How accurate are memoirs? This public radio story looks at a scandal involving author James Frey and his memoir “A Million Little Pieces.” Frey was charged with exaggerating, and even lying about, his own life in his memoir. Where should a writer draw the line between fact and fiction in memoirs?
Books allow us to transcend the world we live in, but they also help us to connect to the people and places around us. In this audio story, several young students at a school in Washington D.C. talk about the plot, characterization, themes, and motifs in the book “When You Reach Me.” The author, Rebecca Stead, discusses what motivates and inspires her to write. This book includes clues to solve a puzzle, mysterious notes, time travel, and the excitement of figuring out a book as you read it. Listen to more about the novel, “When You Reach Me” as these students discuss the elements of fiction and question the author about her own creative process.
A group of Asian Americans were asked the question: Do you consider yourself brown? Some said “yes,” others said “no,” and the reasons they gave for their answers varied. For some, their answer was based solely on their skin tone. For others, their answer was more complicated and took into account cultural and social factors. In this audio story, a group of Asian Americans discuss the discrimination they have faced based on their skin color. Listen to learn more about why some Asian Americans do or do not consider themselves “brown” and how the way others view them affects their lives.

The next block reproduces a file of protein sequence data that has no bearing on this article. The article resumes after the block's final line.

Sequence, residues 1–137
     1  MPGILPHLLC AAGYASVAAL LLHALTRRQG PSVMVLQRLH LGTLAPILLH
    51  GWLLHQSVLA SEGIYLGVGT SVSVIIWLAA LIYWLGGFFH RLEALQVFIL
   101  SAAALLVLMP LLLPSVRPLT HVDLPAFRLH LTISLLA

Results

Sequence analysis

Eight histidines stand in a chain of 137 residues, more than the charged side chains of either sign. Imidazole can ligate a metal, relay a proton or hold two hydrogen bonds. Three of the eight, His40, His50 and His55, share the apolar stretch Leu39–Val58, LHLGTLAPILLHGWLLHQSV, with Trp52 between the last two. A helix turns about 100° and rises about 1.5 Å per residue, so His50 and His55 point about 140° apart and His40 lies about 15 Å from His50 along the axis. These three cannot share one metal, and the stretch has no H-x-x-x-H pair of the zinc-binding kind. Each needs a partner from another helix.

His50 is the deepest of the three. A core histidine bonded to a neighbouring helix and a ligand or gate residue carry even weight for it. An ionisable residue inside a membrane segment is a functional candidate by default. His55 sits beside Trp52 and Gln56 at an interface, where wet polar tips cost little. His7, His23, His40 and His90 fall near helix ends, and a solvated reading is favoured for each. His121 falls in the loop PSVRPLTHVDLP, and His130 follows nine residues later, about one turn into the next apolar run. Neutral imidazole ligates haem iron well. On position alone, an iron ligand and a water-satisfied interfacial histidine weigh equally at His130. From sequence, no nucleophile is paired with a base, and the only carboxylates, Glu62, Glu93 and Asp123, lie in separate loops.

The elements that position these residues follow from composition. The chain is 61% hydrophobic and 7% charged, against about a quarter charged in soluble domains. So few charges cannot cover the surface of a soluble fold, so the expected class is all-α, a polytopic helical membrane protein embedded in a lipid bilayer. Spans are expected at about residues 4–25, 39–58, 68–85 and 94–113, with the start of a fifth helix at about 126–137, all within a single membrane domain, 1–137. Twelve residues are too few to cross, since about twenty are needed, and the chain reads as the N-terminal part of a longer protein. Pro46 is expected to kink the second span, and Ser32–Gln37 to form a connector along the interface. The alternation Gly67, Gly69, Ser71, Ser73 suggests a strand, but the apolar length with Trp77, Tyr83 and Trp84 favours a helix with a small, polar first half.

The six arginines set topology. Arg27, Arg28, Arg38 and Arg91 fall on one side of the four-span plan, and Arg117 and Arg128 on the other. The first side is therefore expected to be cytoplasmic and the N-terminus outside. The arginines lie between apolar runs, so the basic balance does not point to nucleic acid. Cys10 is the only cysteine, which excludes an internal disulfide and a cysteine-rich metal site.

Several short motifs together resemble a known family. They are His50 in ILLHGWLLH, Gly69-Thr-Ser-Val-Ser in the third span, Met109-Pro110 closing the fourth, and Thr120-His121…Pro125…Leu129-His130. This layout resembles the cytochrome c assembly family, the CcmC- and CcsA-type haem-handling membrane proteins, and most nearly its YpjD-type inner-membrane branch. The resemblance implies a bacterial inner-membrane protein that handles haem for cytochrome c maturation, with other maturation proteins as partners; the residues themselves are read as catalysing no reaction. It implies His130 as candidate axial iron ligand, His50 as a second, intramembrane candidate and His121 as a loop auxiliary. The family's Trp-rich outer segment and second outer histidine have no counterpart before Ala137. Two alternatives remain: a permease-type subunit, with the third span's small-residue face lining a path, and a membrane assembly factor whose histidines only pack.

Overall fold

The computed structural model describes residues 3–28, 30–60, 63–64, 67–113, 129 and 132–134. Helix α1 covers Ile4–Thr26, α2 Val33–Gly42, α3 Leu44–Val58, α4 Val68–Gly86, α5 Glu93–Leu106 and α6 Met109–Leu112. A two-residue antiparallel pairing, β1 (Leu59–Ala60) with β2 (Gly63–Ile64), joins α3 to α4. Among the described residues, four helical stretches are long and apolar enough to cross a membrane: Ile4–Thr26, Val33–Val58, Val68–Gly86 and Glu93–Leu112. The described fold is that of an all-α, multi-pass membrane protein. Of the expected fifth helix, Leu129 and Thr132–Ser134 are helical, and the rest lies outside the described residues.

William Shakespeare is commonly considered one of western civilization's greatest playwrights. But a persistent debate continues to rage around his legacy. Did the man we know as William Shakespeare actually write all those poems and plays? This story features two Shakespearean actors who have come to doubt the author. Listen to learn more about the debate surrounding the authorship of Shakespeare's works.
Published in 1985, ‘The Handmaid’s Tale’ is a dystopian novel set in a near future version of America. It tells the story of Offred, a woman living in the theocratic, authoritarian country of Gilead. More than 30 years since it was published, a TV adaptation sparked renewed interest in the novel. Listen to three journalists discuss how Offred’s story relates to contemporary American society.
One of the most enduring novels written for young adults is "Anne of Green Gables," by Lucy Maud Montgomery, published in 1908. It was one of the first YA novels to feature a strong, unconventional female lead—Anne, the unwanted, unloved, but unbowed orphan who grabs hold of a chance for a new life and refuses to let go, no matter how difficult things get. Before Anne, most heroines were beautiful and angelic. "Anne of Green Gables" is over 100 years old, but its heroine measures up to any female lead contemporary YA novels have to offer.
Dystopian fiction is tremendously popular with young people all over the US right now. Books like "The Hunger Games" dominate bestseller lists for young people. But what is so appealing about this genre? This story features commentary from teens themselves and from scholars who study the subject. Listen to find out why this genre has such an impact on its audience.
Zora Neale Hurston was an anthropologist, folklorist and writer. She had a deep love for Eatonville, Florida, the town where she grew up and one of the first all-black towns created after the Emancipation Proclamation of 1863. In this story you’ll hear a commentator explain that Hurston’s writing “instantly transports” her to Hurston’s world, and she is moved and inspired by the strong women characters Hurston created. Listen to learn more about Hurston and why the commentator believes the author deserves the recognition she has received.